The DangerData.com blog is a very experimental effort to help find people.  It won’t be a substitute for any existing offline or online efforts, rather an attempted enhancement.    Comments are welcome.

Jim Gray, computing pioneer, missing at sea off California Coast

Click here to help scan satellite pictures and help with the search for Jim Gray.

The New York Times is now covering the story as is Amazon’s Werner Vogels

Current news stories click here

—– earlier ——
My pal Tom, a very experienced sailor himself, just informed me of Jim Gray’s misfortune:

He was sailing offshore, alone, in good weather with a well-equipped yacht. He’s said to have “more than 10 years’ experience,” but reports from friends say he’s been sailing much longer than that.

My guess is man-overboard. He would have known about keeping a harness on at all times when offshore if he’s as experienced as has been said, but he was on a trip to scatter his mother’s ashes and his emotions may have clouded his judgement. Or he might not have been as experienced as his friends thought and he may not have been clipped in.

Honestly, when I was young and dumb I went out alone, but I wouldn’t want to go out offshore alone. Or would I? I’ve been from Salem to Marblehead and to Gloucester without anyone on board. He was going to the Farallon Islands, though, which is ~25 miles out. That’s pretty far out to be alone.

Other possibilities are:

Container collision: containers are a lethal hazard offshore. Containers overboard from a ship float awash for months and can kill a yacht in seconds if the yacht rams them at an angle that staves in the hull.

Ship collision: thought to be somewhat less likely b/c the weather was good and he was out for a day sail.

Catastrophic health issue: he is 63, but in good health.

Equipment failure: As you may recall, this can be a problem.

Kim Search discussion page 9

Oregon State Sheriff’s Association Report

(Feel free to discuss this report in the comment section below)

The discussion of the Kim Family Search in the Rogue River region of Southern Oregon continues in the comment section below. Please feel free to chime in.

For earlier comments and information links about the Kim Story click here or at the top of any page on the “Kim Story” tab.

Shaming and blaming and the tragic death of James Kim

Over at Salon.com, Sarah Keech has a thoughful article about the Kim Family story, though I read it as a somewhat too defensive reaction to the letter from James’ Kim’s father Spencer published in the Washington Post last week.

In “Who’s to Blame for James Kim’s Death” Keech suggests, correctly in my view:

It’s not the federal government or law enforcement or the people who tried to rescue him from the Oregon wilderness.

Ironically, Spencer Kim would probably agree with her statement.   I’ve been concerned at the tone of many locals who have suggested a father, grieving his son no less, has no right to suggest that better maps, signs, gates and policies might have kept this from happening. Of course he has that right and his letter was in my opinion quite a reasonable reaction given that Mr. Kim has just lost his son to an unforgiving Oregon winter wilderness.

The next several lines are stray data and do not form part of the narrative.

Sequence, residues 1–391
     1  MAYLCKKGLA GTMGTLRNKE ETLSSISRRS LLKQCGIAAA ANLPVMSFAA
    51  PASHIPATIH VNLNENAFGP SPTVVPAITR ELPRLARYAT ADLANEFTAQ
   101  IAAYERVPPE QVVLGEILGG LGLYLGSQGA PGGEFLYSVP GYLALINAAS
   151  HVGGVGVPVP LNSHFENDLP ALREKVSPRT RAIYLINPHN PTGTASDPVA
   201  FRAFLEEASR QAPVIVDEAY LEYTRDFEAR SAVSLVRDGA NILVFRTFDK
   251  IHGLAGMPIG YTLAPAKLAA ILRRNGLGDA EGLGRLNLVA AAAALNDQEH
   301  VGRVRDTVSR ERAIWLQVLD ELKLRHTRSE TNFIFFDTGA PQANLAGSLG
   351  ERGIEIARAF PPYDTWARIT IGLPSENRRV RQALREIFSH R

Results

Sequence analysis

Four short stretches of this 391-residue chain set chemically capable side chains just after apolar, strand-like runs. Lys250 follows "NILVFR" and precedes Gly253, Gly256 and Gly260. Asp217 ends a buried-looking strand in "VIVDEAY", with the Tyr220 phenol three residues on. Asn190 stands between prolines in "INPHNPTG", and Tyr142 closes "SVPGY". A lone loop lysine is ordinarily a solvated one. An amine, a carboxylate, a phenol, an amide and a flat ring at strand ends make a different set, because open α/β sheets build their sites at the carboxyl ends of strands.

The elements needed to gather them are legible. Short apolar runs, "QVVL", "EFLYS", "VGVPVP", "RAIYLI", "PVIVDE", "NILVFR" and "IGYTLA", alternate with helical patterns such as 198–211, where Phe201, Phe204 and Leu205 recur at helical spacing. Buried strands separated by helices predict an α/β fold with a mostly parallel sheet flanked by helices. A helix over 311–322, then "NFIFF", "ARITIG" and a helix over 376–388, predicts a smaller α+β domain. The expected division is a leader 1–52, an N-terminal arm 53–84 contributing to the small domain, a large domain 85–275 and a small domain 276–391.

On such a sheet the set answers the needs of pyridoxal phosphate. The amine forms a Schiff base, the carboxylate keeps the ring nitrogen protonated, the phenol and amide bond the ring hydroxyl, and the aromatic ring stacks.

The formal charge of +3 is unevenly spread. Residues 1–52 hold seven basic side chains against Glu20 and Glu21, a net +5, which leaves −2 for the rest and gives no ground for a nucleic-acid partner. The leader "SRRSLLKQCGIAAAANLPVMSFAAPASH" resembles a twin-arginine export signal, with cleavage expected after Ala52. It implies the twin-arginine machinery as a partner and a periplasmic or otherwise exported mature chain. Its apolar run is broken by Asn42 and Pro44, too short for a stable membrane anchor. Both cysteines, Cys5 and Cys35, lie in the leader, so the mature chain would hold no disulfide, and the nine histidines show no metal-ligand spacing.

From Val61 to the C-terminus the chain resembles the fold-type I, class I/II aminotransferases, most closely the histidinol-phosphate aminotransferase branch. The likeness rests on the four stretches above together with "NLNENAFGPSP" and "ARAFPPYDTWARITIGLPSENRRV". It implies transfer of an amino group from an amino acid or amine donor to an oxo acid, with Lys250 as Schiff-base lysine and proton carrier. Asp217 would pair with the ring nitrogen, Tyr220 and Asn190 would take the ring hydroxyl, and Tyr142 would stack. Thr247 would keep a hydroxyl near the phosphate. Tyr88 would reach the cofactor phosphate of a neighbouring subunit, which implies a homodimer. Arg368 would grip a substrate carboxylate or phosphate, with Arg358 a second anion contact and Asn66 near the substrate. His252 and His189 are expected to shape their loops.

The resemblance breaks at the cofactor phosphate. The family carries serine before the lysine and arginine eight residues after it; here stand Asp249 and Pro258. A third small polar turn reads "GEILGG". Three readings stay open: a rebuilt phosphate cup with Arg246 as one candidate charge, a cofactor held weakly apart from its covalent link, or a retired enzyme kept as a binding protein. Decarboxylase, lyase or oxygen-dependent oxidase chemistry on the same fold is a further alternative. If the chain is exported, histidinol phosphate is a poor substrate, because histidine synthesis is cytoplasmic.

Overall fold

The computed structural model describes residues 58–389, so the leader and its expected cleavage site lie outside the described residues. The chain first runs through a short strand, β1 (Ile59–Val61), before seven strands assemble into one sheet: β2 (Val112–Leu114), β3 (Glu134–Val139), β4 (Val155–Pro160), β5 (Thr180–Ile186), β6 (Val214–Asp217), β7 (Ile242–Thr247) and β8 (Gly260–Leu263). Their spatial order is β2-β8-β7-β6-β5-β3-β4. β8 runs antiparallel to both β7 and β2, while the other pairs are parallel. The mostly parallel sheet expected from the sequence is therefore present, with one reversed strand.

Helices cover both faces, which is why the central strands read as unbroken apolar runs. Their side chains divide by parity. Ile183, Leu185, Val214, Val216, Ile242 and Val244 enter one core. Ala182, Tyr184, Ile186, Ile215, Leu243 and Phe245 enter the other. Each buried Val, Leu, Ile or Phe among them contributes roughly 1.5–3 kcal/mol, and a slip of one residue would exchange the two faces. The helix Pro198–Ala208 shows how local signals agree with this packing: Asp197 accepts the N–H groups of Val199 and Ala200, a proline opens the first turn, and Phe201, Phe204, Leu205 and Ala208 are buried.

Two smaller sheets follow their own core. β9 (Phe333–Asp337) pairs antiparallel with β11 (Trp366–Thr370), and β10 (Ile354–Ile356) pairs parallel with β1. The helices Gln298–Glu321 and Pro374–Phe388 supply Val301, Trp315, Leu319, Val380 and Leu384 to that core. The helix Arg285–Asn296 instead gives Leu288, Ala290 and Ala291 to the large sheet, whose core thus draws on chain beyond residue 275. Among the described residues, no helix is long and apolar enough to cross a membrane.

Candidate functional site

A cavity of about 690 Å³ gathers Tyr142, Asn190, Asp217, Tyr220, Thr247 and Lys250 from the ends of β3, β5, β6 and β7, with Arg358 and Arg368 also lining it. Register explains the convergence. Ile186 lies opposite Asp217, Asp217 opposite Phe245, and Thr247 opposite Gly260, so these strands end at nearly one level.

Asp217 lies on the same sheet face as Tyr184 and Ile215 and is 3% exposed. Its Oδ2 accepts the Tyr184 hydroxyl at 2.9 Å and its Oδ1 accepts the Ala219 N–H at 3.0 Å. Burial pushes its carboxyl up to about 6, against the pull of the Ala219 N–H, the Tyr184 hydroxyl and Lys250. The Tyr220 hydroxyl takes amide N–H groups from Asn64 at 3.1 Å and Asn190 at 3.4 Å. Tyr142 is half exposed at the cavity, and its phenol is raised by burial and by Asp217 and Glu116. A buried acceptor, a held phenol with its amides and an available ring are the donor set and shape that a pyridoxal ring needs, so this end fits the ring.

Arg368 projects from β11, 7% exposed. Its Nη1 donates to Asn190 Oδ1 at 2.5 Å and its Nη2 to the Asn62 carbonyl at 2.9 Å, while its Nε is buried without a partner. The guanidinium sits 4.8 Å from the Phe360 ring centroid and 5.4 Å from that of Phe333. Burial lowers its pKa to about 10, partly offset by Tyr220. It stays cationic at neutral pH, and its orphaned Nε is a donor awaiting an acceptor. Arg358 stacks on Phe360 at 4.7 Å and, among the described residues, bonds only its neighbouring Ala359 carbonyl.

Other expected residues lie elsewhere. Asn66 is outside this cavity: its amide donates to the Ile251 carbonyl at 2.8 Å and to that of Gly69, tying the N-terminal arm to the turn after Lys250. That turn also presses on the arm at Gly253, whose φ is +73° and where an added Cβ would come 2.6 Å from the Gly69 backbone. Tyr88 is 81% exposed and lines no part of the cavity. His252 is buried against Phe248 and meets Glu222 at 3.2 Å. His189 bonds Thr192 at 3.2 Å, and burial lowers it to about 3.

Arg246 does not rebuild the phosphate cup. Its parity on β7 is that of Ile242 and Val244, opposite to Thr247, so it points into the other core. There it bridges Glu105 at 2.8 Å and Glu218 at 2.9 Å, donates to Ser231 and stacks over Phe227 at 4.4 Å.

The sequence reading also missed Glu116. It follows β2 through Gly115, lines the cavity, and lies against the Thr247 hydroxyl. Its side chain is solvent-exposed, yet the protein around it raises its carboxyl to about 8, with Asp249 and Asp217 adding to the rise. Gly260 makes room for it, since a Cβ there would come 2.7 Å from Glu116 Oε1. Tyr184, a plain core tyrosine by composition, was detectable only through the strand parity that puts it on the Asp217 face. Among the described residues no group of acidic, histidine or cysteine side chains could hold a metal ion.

I know this area well and it’s common knowledge that signs on the Bear Camp Road could use improvement.   Money and priorities are legitimate issues with such improvements as are the rights people have to access to public lands.     A route that would be fine for an experienced hunter with 4WD Truck, chains, winter gear and provisions may become a death trap for a family car.

Here’s my reply to the Salon article:

Ms. Keech you have made several good and several obvious points about the folly of legislating solutions on the basis of unusual and tragic events, but that’s not the big story of the Kims tragic trip into Oregon’s Rogue River Wilderness. I think Spencer Kim’s letter is a reasonable characterization of the many challenges facing the search effort, though I agree the solutions suggested are far too expensive to justify the handful of lives this might save over many years. Better to spend on life saving measures that have a much higher return on the investment of tax dollars.

But that is _not_ the big story here!

As a southern Oregon local and long term resident of the region the Kim Family story capitivated me from the beginning. This interest has become almost obsessive as I blogged the event – almost play by play – as “Joe Duck”.

The Kim story is the triumph of a mother and children surviving the wilderness after nine days, and a father heroically challenging that wilderness in an unsuccessful, tragic hike to save them. It’s the story of an enormous and sometimes heroic search and rescue effort that was well intentioned at all times, but plagued by many of the bureaucratic forces that are likely to be proposed as the solution to future problems in Oregon. Perhaps more than anything the Kim Story is remarkable because it has touched the lives of millions around the world, millions who saw in the Kim’s happy family their own family and the life-shattering consequences of a single wrong turn on what appeared to be a passable road.